Although currently listed as Least Concern by the IUCN Red List, fire salamanders are threatened in many parts of their range across Europe. While they have suffered greatly from habitat loss through the drying up of streams, nothing decimated their populations like this mysterious disease. Fearing the worst, scientists captured 39 individuals to establish a breeding program, only for 19 animals (nearly half) to promptly die in captivity. Post-mortems were conducted on these animals, and they were tested for Bd and a host of other amphibian diseases, but to no avail. However, further experimentation by Martel and colleagues then revealed the presence of a fungal chytrid species called Bs, closely related to Bd but previously unknown to science. It is the only chytrid species, other than Bd, known to prey on invertebrates.
“The discovery of Batrachochytrium salamandrivorans (Bs) is very significant because it is a new species of a deadly amphibian pathogen and was undetectable using previous methods. Its discovery suggests that this, or other undescribed Batrachiochytrium species could be responsible for amphibian declines, but we have been missing them using current detection methods,” explains Brian Gratwicke, a conservation biologist at the Smithsonian Zoo in charge of efforts to stem global declining amphibian populations.
Martel and colleagues have developed a sensitive DNA test for this new strain, which can detect Bs in swabs of the lesions of infected individuals. Remarkably, when Bs was used to infect midwife toads (which are the most sensitive of all European amphibian species to Bd), they did not contract the disease at all. Such variability lends hope that Bs will be restricted to the fire salamanders, but if it is anything like Bd, this could be wishful thinking. Martel strongly advises that all amphibian monitoring programs test for Bs, and other scientists agree.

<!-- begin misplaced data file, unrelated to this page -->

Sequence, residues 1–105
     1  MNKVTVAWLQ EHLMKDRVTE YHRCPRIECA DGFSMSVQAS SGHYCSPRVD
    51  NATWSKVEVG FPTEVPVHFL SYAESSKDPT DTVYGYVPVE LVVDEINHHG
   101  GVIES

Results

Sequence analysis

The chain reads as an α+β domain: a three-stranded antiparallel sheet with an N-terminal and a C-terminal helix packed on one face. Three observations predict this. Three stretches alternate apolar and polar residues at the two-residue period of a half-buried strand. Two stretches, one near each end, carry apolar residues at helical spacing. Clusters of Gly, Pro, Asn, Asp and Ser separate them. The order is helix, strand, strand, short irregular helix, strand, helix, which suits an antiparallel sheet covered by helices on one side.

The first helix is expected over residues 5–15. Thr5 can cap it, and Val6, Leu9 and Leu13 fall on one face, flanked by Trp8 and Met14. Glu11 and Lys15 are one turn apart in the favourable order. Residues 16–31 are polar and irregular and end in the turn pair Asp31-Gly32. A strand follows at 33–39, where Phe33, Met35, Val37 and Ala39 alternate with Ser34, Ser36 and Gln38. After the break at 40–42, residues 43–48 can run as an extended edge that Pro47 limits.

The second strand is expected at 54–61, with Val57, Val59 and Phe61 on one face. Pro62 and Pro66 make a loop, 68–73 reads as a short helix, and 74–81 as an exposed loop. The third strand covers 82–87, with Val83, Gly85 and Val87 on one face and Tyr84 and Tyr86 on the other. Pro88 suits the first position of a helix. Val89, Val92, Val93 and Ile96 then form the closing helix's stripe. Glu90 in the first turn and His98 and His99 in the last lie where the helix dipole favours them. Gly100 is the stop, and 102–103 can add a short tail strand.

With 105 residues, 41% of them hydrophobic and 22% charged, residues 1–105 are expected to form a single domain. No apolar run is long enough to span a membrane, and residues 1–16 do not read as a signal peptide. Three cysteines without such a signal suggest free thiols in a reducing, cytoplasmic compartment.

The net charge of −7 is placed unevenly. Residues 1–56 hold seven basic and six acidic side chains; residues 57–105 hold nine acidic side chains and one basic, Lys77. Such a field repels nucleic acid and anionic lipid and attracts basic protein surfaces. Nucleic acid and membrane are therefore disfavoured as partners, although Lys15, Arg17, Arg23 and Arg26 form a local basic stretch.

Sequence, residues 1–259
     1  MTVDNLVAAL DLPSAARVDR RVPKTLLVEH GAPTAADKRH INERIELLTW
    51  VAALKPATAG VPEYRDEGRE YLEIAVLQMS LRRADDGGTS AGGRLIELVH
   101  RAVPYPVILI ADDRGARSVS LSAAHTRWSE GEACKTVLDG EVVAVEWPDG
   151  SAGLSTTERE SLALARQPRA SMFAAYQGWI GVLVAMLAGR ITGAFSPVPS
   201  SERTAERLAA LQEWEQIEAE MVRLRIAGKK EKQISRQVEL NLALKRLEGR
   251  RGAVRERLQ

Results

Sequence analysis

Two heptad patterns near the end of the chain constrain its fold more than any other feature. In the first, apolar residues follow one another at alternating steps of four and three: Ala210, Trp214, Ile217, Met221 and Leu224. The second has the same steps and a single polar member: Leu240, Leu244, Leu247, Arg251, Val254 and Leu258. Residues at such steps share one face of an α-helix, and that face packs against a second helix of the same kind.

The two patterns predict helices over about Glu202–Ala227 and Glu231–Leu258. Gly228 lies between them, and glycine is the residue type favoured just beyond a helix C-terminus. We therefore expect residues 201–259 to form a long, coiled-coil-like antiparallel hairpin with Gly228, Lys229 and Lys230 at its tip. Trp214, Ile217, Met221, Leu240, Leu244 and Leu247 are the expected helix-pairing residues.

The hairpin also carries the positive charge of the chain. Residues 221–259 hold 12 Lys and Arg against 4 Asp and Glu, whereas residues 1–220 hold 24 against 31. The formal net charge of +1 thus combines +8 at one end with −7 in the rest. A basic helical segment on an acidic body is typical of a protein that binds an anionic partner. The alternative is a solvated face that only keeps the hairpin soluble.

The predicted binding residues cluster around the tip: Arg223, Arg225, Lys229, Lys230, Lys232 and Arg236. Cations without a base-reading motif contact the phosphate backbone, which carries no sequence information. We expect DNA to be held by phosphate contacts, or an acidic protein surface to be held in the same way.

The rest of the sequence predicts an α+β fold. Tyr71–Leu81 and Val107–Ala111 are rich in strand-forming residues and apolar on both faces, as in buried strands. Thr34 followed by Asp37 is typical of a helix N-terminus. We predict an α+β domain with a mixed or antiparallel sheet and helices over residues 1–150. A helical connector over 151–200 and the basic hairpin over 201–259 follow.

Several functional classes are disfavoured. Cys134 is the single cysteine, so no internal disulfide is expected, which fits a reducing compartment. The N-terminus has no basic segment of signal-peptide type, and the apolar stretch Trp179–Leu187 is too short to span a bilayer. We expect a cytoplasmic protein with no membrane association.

“There are several unexplained declines of amphibians that have not been connected to Bd,” Gratwicke told mongabay.com. “In one case, we are examining the effects of climate change as a possible factor explaining current declines of hellbenders and other salamanders in the Eastern United States. It would certainly be interesting to do some prospecting in this region for Bs and other Batrachochytrium species. Our pathologists have always advocated that we should continue to examine histopathology in enigmatic decline situations, rather than relying solely on swab results. This study is a great example of why we should always heed their advice.”
The future of fire salamanders isn’t entirely bleak. In 2000, the Smithsonian National Zoo pioneered a treatment for amphibians infected with Bd – a series of baths in the antifungal drug, itraconazole. Martel and colleagues have used a similar drug, voriconazole, to successfully treat fire salamanders with Bs infections. Although this cure exists, researchers have shown that surviving an infection of Bd does not render an amphibian immune to subsequent exposures to the same disease. Not only does this rule out a vaccine for the disease, but it also means the source of the fungus will have to be eradicated before reintroduction programs of the fire salamanders can begin.
Martel also reports that Bs survives at much lower temperatures than Bd, from 10 to 15 degrees Celsius, which suggests that tropical amphibian populations might not be at risk of encountering this new chytrid. In fact, heat has been suggested as a potential solution to Bd infections, since frogs with warmer body temperatures (from residing in warmer streams, or spending more time sunning) are less likely to become infected.
While it is tempting to think that a nice hot bath will save the fire salamanders, habitat destruction and climate change remain the largest killers of amphibians the world over. The present critical condition of nearly half of all amphibians worldwide is further threatened by chytrid fungal species, due to their ability to rapidly decimate amphibian populations already teetering on the brink of extinction.